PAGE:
Former presidents Bill Clinton and George W Bush have arrived at Ebenezer Baptist Church to pay tribute to civil rights icon John Lewis as Barack Obama plans to deliver a eulogy.
After the coffin was carried into the Atlanta church on Thursday morning, the service began with a moment of silence as more than 500 churches across the country rang bells 80 times to honour the late congressman, who died at the age of 80.
While past presidents were expected to feature in the funeral, Donald Trump has indicated that he wouldn't be attending.
Reverend Raphael Warnock invoked the current president as he welcomed mourners to the spiritual home of Mr Lewis, saying they were summoned to honour the civil rights hero as "some in high office" are much better at division than vision.
"In a moment when there is so much political cynicism and narcissism that masquerades as patriotism, here lies a true American patriot who risked his life and limb for the hope and the promise of democracy," Mr Warnock said.
Mr Warnock added that while they had come to say farewell to a friend, these difficult days made grieving more challenging.
"At a time we would find comfort embracing one another, love compels us to socially distance from one another," he said.
Mr Bush had mourners in hysterics as he recounted Lewis' first non-violent protest of refusing to eat his own "flock" of chickens, who he baptised, married and preached to.
"Every morning he would rise before the sun to attend the flock of chickens. He love those chickens," Mr Bush said.
"He's been called an American saint, a believer willing to give up everything. Even life itself to bear witness to the truth that drove him all his life. That we could build a world of peace and justice and harmony and love."
Mr Clinton said that for a fellow that got his start speaking to chickens, Mr Lewis had a pretty finely organised, orchestrated and deeply deserved send-off.
"I think it's important that all of us who love him remember that he was after all, a human being. A man like all other humans born with strengths that he made the most of when many don't," Mr Clinton said.
"Born with weaknesses that he worked hard to beat down when many can't. But still a person. It made him more interesting, and it made him in my mind even greater."
Speaker of the House, Nancy Pelosi, held back tears and she remembered the night their friend, mentor and colleague died.
"When John Lewis served with us he wanted us to see the civil rights movement and the rest through his eyes. He told us so many stories, he taught us so much and he took us to Selma," she said. "He wanted us to see how important it was to understand the spirit of non-violence."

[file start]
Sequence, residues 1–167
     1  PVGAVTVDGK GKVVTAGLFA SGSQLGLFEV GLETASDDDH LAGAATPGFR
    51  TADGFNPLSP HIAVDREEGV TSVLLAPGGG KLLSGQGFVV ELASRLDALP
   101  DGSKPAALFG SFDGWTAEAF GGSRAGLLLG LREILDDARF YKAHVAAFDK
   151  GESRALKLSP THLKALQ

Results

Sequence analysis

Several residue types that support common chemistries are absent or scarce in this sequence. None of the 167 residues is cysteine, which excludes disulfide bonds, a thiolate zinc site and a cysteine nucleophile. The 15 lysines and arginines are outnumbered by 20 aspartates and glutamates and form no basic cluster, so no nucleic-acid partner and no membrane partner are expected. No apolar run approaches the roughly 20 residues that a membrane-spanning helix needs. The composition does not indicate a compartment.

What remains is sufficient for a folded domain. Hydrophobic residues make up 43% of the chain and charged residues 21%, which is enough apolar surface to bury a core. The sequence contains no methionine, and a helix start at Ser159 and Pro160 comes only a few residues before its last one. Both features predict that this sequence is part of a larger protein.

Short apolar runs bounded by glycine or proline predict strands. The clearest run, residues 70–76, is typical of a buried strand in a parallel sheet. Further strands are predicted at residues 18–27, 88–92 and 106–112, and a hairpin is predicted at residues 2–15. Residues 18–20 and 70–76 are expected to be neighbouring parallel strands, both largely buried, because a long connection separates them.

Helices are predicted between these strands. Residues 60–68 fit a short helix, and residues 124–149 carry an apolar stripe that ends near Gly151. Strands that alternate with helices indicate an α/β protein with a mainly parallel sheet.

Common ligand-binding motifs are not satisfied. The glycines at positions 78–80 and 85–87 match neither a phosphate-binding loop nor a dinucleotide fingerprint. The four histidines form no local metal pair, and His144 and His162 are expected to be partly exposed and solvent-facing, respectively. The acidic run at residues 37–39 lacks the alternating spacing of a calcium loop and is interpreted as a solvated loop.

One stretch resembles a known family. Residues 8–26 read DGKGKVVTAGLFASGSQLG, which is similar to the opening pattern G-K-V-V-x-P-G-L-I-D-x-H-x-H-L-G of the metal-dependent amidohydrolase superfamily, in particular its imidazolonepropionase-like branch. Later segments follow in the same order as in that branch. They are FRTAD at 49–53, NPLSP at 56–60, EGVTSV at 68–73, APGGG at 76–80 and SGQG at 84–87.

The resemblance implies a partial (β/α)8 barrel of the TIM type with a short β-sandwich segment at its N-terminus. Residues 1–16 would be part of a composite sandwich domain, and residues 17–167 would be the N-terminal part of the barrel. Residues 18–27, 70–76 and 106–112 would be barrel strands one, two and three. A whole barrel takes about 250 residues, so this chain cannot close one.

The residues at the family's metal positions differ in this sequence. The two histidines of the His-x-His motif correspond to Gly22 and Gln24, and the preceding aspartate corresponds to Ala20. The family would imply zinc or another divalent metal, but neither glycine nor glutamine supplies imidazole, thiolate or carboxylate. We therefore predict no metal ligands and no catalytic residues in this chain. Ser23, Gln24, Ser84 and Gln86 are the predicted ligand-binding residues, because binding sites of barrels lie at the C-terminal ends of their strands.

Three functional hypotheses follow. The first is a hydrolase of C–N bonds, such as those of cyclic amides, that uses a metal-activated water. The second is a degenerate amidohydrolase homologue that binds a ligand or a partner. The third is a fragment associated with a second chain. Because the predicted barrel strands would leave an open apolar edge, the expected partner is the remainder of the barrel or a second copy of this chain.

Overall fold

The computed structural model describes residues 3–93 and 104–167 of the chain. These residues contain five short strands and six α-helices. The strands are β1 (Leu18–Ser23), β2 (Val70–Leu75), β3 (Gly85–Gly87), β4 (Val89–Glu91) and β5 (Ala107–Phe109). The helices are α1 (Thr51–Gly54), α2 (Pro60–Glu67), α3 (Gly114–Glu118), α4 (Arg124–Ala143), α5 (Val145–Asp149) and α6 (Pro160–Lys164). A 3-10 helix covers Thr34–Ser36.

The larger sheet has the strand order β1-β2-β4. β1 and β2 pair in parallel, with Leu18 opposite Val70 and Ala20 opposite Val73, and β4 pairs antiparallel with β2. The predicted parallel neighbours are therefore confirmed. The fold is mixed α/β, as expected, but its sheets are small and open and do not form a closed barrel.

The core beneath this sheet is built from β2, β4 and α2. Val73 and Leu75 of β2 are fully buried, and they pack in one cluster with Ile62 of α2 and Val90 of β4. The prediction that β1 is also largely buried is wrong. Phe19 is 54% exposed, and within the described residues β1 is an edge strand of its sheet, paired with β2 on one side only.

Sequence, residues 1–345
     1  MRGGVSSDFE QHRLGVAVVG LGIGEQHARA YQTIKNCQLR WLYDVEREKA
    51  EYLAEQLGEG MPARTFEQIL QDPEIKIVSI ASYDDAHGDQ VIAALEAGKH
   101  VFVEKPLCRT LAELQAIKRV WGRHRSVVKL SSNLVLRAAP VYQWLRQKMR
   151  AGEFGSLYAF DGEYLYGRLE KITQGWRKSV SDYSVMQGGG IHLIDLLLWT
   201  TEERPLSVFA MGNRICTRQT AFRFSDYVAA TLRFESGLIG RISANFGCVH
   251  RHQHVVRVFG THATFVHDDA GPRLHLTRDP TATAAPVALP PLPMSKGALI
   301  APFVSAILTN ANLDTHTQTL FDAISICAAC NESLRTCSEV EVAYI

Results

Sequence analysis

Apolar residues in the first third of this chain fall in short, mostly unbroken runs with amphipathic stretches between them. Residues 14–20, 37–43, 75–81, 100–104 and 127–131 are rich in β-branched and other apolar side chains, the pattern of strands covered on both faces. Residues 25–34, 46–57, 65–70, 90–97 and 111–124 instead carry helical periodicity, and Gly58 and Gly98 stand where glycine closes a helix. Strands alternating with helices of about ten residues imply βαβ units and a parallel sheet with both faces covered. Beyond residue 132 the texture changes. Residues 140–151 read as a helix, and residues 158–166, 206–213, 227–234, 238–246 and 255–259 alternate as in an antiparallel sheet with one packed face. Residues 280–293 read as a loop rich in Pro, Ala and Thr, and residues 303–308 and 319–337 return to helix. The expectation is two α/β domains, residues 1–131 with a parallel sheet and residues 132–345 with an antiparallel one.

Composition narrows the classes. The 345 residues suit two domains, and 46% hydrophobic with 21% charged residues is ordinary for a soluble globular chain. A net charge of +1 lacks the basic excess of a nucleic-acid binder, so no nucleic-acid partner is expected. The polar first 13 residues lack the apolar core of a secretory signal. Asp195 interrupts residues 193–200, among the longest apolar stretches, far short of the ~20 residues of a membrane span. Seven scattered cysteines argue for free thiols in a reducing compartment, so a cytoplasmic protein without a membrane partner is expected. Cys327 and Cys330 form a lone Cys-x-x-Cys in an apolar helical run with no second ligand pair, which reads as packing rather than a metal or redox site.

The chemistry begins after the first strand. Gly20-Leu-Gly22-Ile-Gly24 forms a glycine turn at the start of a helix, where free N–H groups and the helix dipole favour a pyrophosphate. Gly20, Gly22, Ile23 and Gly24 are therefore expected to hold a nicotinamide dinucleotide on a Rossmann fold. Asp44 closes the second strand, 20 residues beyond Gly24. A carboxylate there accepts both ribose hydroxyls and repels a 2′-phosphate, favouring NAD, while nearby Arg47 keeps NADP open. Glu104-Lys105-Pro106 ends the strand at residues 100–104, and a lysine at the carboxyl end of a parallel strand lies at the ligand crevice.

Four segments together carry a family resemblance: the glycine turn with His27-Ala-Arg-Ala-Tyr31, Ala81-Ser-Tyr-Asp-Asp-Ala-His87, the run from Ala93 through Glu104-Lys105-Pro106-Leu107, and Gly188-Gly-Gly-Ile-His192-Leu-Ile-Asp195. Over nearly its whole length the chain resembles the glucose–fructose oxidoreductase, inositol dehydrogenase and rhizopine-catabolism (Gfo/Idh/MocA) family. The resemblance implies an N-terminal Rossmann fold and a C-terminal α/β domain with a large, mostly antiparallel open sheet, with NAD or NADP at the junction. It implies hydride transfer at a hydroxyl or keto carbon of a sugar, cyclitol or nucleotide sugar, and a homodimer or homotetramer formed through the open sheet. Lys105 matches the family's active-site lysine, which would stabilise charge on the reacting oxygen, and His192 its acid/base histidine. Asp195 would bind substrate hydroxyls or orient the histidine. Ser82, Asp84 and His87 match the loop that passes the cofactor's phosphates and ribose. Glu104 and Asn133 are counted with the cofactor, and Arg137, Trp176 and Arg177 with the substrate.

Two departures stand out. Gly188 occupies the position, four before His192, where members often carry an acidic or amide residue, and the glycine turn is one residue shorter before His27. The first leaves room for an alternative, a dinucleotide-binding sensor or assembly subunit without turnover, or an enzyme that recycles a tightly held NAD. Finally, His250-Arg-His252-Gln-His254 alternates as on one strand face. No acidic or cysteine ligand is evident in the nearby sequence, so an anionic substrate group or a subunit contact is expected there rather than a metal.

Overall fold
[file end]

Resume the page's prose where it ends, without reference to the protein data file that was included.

She said that while it hadn't rained on his last night at the Capitol as thousands of people showed up to pay their respects, a double rainbow appeared over Mr Lewis's casket.
"We waved goodbye when he started to leave us. He was telling us. He was telling us. I'm home in heaven. I'm home in heaven. We always he knew he was on the side of the angels and now he's with them," she said.
Reverend James Lawson said that all the stories about Mr Lewis preaching to his chickens as a young boy were a sign that something else was happening to him in those early years, where he saw the malignancy of racism in Troy, Alabama.
"That formed in him a sensibility that he had to do something about it," Mr Lawson said. "He did not know what that was but he was convinced that he was called, indeed to do whatever he could do, get in good trouble, but stop the horror that so many folk lived through and in in this country in that part of the 20th century."
Mr Obama is expected to deliver a eulogy shortly, but in the meantime a letter from Jimmy Carter was read out by Reverend Warnock.
"Throughout his remarkable life John has been a blessing to countless people and we are proud to be among those who's lives he has touched," Mr Carter said in the letter.
"We Georgians know him as our neighbour, friend and representative. His enormous contributions will continue to be an inspiration for generations to come."
Reverend James Lawson added more context to Mr Bush's stories of Mr Lewis preaching to his chickens as a young boy, saying it was a sign that something else was happening in those early years.
"John saw the malignancy of racism in Troy Alabama," Mr Lawson said. "That formed in him a sensibility that he had to do something about it."
Mr Lawson continued: "He did not know what that was but he was convinced that he was called, indeed to do whatever he could do, get in good trouble, but stop the horror that so many folks lived through and in in this country in that part of the 20th century."